Furthermore, the Commission is currently working together with the United Nations Environment Programme and the United Nations Industrial Development Organisation to set up an Alliance on Circular Economy and Resource Efficiency (GACERE).
“We need the circular economy to deliver a future that is digital, inclusive, and green. To do this, we must bring economic and environment policies together. Mobilise unprecedented investments. And the Next Generation EU will help us do so,” states Commissioner Sinkevičius.
The EU is maintaining high standards in the fishing sector, Europe is the world’s biggest importer of fisheries products, and fighting illegal fishing is part of its commitment to ensure sustainable use of the sea and its resources, under the Common Fisheries Policy and under its ambition to install better international governance of the oceans. However, between 11 and 26 million tonnes of fish are caught illegally every year, corresponding to at least 15% of world catches. The Commission, leading the fight against illegal, unreported and unregulated (IUU) fishing worldwide (an important aspect of the EU Biodiversity Strategy‘s objective to protect the marine environment) recently issued a warning to Cameroon that it should step up its actions in this area.
“Illegal fishing is one of the most serious threats to the sustainable exploitation of the sea representing a major hazard to the marine environment, the sustainability of fish stocks and marine biodiversity. It is unfortunate that Cameroon has not been able to ensure proper control of fishing activities happening under its flag. The Commission stands ready to work with Cameroon to implement the necessary reforms,” said Commissioner Sinkevičius.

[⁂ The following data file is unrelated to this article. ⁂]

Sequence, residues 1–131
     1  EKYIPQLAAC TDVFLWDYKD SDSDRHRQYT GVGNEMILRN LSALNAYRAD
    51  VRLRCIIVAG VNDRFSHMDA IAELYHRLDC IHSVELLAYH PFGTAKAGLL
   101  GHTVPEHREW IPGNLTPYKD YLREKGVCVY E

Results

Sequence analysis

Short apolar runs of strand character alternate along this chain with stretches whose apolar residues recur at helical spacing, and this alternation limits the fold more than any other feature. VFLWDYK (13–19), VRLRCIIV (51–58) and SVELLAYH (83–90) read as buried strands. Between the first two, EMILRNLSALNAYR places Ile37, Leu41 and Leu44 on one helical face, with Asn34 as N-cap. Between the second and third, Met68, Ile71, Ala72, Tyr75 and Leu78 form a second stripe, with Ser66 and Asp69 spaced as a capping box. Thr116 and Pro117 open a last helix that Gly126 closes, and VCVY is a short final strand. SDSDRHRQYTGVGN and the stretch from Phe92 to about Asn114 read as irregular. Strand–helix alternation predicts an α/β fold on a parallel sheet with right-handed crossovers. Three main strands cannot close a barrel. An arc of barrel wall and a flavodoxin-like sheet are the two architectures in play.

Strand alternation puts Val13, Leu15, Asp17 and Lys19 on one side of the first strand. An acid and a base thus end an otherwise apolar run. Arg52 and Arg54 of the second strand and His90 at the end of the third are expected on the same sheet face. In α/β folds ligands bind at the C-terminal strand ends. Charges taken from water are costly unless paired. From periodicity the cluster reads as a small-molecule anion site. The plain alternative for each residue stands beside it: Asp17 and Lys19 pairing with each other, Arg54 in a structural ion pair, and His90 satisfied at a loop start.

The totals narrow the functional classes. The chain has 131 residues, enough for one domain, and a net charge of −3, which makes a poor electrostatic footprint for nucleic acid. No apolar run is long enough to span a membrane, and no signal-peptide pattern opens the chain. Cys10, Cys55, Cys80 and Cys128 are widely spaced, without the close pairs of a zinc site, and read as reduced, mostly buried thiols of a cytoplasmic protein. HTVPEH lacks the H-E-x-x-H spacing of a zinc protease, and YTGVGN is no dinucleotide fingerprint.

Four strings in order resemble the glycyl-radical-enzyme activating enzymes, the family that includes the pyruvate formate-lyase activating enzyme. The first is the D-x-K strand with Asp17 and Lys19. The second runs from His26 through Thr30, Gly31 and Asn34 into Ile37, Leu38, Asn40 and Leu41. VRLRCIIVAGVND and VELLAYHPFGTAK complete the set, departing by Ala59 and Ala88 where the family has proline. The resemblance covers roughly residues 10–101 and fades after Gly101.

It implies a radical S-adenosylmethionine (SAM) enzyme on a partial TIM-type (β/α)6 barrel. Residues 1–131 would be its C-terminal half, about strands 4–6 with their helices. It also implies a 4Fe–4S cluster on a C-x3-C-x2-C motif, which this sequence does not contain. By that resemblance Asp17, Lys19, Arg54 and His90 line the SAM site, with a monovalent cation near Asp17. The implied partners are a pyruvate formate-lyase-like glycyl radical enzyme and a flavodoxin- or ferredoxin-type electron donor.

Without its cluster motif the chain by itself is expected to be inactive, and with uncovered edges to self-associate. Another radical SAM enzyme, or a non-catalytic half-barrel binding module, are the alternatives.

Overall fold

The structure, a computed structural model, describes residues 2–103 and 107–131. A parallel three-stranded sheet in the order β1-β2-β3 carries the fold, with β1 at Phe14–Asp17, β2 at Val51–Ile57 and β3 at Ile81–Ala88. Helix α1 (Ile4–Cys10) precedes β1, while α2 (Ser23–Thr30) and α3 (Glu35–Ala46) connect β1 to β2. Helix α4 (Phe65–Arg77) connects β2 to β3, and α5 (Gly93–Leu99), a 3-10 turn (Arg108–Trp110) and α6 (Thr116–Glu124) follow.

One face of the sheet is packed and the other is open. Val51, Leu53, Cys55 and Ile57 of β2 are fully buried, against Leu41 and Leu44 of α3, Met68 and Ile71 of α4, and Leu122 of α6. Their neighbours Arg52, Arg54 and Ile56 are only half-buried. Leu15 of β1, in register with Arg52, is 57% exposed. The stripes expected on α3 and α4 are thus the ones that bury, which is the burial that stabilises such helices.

The LIFE Programme
Furthermore, in 2021, the European Commission announced a €121 million investment for new integrated projects under the LIFE Programme for the environment, nature and climate action. This new funding which has increased by 20% since 2020, will promote the green recovery and help multiple Member States to reach their green targets. The 12 large-scale projects are expected to channel significant additional funds, making it easier for countries within the EU to use other funding sources, including agricultural, structural, regional and research funds, as well as national funds and private-sector investment.
Commissioner for the Environment, Oceans and Fisheries Virginijus Sinkevičius commented on this funding, stating that: “I’m excited to see how this new investment will help green the economy, bring back nature and biodiversity and improve resilience to the changing climate in these 11 countries. LIFE integrated projects enable Member States to make a real difference to the environment and people’s lives, by enabling long-term strategies with far more money and capacity than with traditional LIFE projects.”